Blue Rocket Guide to Preparing Your Statutory Accounts


Annual accounts preparation, also known as ‘statutory accounts’, are an important legal requirement of your business. It can take time and expertise to ensure your obligations are fulfilled and that all relevant information has been prepared and submitted.

This brief guide will give you an overview of the accounts you must submit to HMRC which form the basis for the company’s tax calculations. You must also file these with Companies House, details of what to prepare are included below.

What are statutory accounts?

The statutory accounts include a detailed balance sheet that depicts the value of all your possessions. Show your profit and loss accounts. This clarifies your company’s sales and other costs throughout the financial year.

Who has to file them?

All companies must prepare annual accounts: for shareholders, and for returns to HMRC and Companies House. Small companies generally do not require an audit if they satisfy any two of the following: annual turnover of less than £10.2m; total assets under £5.1m;50 employees or fewer.


Key points & legal requirements:

HMRC submission

·      Statutory accounts are submitted online with the company’s tax return, within 12 months of your company’s financial year end.

·      The tax becomes payable at nine months so accounts are normally submitted around this date.

Companies House submission

·      The accounts you file become publicly available.

·      The accounts must be submitted within nine months of your company’s year-end.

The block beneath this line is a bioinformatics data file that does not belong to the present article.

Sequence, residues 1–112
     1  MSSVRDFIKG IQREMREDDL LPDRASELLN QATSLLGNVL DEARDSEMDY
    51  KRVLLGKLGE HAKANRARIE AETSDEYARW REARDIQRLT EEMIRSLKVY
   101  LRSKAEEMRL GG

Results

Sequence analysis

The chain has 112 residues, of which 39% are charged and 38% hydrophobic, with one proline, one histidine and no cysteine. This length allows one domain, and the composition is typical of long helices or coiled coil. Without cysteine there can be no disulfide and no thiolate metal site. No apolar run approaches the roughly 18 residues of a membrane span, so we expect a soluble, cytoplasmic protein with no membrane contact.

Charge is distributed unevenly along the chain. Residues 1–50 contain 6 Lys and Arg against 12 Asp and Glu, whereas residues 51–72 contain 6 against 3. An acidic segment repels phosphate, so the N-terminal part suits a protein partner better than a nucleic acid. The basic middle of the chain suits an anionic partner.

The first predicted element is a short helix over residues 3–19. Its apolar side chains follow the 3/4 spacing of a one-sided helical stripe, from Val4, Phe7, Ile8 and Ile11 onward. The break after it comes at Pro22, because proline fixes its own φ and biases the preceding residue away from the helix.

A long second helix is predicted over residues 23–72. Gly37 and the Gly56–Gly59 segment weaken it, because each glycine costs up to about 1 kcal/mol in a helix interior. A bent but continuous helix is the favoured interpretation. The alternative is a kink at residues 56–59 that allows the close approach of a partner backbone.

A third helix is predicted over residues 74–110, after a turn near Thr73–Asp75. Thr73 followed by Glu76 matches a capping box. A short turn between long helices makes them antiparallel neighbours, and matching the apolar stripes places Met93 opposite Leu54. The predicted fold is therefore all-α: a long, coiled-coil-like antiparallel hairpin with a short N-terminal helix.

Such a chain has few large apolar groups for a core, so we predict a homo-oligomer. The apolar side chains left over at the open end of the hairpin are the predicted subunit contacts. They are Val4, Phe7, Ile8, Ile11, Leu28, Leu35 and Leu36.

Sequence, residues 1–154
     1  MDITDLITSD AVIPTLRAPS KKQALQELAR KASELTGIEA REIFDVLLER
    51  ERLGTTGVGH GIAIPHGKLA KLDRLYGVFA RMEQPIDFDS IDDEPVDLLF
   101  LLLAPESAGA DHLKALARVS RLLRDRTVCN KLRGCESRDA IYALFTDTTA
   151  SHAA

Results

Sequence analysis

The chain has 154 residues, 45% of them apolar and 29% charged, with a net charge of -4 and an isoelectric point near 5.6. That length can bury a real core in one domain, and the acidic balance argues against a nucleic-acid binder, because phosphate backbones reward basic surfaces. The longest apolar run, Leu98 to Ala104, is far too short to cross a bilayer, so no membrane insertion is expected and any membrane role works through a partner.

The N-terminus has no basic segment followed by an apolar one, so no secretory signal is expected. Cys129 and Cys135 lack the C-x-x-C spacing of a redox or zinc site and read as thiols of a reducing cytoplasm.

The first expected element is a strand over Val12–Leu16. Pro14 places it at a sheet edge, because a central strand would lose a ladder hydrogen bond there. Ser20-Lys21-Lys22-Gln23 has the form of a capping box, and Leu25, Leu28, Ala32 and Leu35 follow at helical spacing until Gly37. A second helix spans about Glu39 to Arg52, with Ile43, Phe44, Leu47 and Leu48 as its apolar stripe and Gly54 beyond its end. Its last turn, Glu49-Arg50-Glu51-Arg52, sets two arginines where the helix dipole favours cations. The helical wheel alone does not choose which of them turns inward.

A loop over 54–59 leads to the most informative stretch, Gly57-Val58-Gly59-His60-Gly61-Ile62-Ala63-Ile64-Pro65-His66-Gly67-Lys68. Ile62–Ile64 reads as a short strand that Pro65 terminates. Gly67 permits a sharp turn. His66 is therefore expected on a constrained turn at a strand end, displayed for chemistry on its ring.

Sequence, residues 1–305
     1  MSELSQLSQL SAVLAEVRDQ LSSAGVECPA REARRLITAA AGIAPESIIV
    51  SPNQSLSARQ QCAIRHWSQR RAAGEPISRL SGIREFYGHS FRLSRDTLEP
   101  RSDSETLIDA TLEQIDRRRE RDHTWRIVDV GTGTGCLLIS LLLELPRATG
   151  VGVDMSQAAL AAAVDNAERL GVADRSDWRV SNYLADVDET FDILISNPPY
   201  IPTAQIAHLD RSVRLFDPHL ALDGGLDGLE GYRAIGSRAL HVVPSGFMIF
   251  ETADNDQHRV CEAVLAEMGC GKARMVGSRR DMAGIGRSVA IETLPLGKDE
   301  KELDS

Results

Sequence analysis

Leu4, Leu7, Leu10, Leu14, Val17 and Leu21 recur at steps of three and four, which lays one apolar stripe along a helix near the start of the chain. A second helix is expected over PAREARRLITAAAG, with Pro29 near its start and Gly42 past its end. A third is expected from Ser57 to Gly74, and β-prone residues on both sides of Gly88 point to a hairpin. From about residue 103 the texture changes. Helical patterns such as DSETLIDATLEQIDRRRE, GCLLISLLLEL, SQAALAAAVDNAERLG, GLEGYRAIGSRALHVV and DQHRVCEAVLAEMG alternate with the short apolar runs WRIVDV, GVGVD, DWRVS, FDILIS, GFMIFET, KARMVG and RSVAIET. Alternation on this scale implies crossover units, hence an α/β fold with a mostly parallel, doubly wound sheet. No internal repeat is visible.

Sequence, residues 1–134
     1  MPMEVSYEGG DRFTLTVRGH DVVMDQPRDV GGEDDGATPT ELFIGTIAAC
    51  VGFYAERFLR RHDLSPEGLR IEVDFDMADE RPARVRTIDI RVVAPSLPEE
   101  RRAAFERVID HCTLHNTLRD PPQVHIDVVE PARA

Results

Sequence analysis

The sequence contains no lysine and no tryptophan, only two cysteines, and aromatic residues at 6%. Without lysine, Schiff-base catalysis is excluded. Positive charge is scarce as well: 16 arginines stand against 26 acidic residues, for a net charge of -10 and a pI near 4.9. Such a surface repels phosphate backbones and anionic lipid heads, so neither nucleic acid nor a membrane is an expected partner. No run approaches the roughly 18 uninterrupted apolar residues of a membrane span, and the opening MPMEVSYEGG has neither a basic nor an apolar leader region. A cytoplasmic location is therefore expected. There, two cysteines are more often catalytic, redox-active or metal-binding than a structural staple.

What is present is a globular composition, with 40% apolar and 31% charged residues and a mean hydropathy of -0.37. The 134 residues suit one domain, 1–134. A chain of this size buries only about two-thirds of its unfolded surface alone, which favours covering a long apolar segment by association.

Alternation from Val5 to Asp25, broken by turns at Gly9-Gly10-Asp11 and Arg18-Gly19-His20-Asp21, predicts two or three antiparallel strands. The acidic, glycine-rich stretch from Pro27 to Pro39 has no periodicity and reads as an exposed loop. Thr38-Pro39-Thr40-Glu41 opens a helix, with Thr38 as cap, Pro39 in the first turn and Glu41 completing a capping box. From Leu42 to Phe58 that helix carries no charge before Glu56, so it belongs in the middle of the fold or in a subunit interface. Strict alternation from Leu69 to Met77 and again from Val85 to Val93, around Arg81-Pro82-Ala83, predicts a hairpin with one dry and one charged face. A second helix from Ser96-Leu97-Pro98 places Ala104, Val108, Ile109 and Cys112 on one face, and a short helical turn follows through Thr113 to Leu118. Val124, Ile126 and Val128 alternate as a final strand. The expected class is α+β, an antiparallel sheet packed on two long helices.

·      The content of filed accounts is reduced for medium, small or micro-entity companies based on turnover, balance sheet assets and the number of employees.

·      Further exemptions apply to micro-entities satisfying any two of the following: annual turnover of less than £632,000; balance sheet assets less than £316,000; 10employees or fewer.

·      Most medium-sized companies (satisfying any two of the following: annual turnover of less than £36m; balance sheet assets less than £18m; 250 employees or fewer)can file slightly reduced accounts. These omit some of the detailed information required for large companies.

·      Company directors are legally responsible for ensuring the accuracy of the accounts. Using an accountant does not reduce this responsibility.

Almost all companies use accounting software and the services of an accountant to prepare their accounts.

Being organised makes it relatively simple to provide the information your accountant needs. You can also use this information to review and improve your business operations.


What do I need to supply in a submission?

There are usually four main sections:

  1. A directors’ report, giving a business review and their view of the firm’s performance and prospects.
  2. A balance sheet, outlining the company’s financial position on the final day of the accounting period (the year-end). Essentially, this shows what the company owns and what it owes.
  3. A profit and loss account, showing the trading performance over the accounting period(usually 12 months). This summarises sales, costs and expenses, profits (or losses), and any tax charges.
  4. Notes, giving more details about the information in the balance sheet and the profit and loss account.